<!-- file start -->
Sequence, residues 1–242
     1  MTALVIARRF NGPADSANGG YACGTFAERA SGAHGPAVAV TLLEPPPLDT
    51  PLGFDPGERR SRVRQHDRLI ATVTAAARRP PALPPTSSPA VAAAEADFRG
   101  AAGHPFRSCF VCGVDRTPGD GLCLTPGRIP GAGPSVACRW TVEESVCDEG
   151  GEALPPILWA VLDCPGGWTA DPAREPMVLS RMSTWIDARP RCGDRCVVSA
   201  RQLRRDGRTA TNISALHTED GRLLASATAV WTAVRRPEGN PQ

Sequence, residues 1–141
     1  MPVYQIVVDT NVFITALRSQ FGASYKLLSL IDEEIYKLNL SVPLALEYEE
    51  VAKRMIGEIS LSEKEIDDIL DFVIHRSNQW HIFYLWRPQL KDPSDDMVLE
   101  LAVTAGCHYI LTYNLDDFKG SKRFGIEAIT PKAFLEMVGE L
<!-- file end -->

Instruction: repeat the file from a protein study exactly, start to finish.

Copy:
Sequence, residues 1–242
     1  MTALVIARRF NGPADSANGG YACGTFAERA SGAHGPAVAV TLLEPPPLDT
    51  PLGFDPGERR SRVRQHDRLI ATVTAAARRP PALPPTSSPA VAAAEADFRG
   101  AAGHPFRSCF VCGVDRTPGD GLCLTPGRIP GAGPSVACRW TVEESVCDEG
   151  GEALPPILWA VLDCPGGWTA DPAREPMVLS RMSTWIDARP RCGDRCVVSA
   201  RQLRRDGRTA TNISALHTED GRLLASATAV WTAVRRPEGN PQ

Sequence, residues 1–141
     1  MPVYQIVVDT NVFITALRSQ FGASYKLLSL IDEEIYKLNL SVPLALEYEE
    51  VAKRMIGEIS LSEKEIDDIL DFVIHRSNQW HIFYLWRPQL KDPSDDMVLE
   101  LAVTAGCHYI LTYNLDDFKG SKRFGIEAIT PKAFLEMVGE L